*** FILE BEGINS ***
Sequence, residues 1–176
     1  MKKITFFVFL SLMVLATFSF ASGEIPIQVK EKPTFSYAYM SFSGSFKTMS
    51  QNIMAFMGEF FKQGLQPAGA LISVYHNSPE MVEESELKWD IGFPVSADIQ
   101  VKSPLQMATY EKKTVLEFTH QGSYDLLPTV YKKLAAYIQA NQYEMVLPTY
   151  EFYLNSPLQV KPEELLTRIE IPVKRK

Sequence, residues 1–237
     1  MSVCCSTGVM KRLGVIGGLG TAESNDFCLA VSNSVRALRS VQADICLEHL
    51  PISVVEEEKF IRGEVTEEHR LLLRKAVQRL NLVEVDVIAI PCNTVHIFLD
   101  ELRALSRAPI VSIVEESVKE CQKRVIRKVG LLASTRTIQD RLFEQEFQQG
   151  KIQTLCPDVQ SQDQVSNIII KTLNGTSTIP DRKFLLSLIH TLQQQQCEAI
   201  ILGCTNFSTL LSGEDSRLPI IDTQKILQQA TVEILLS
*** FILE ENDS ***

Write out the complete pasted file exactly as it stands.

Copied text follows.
Sequence, residues 1–176
     1  MKKITFFVFL SLMVLATFSF ASGEIPIQVK EKPTFSYAYM SFSGSFKTMS
    51  QNIMAFMGEF FKQGLQPAGA LISVYHNSPE MVEESELKWD IGFPVSADIQ
   101  VKSPLQMATY EKKTVLEFTH QGSYDLLPTV YKKLAAYIQA NQYEMVLPTY
   151  EFYLNSPLQV KPEELLTRIE IPVKRK

Sequence, residues 1–237
     1  MSVCCSTGVM KRLGVIGGLG TAESNDFCLA VSNSVRALRS VQADICLEHL
    51  PISVVEEEKF IRGEVTEEHR LLLRKAVQRL NLVEVDVIAI PCNTVHIFLD
   101  ELRALSRAPI VSIVEESVKE CQKRVIRKVG LLASTRTIQD RLFEQEFQQG
   151  KIQTLCPDVQ SQDQVSNIII KTLNGTSTIP DRKFLLSLIH TLQQQQCEAI
   201  ILGCTNFSTL LSGEDSRLPI IDTQKILQQA TVEILLS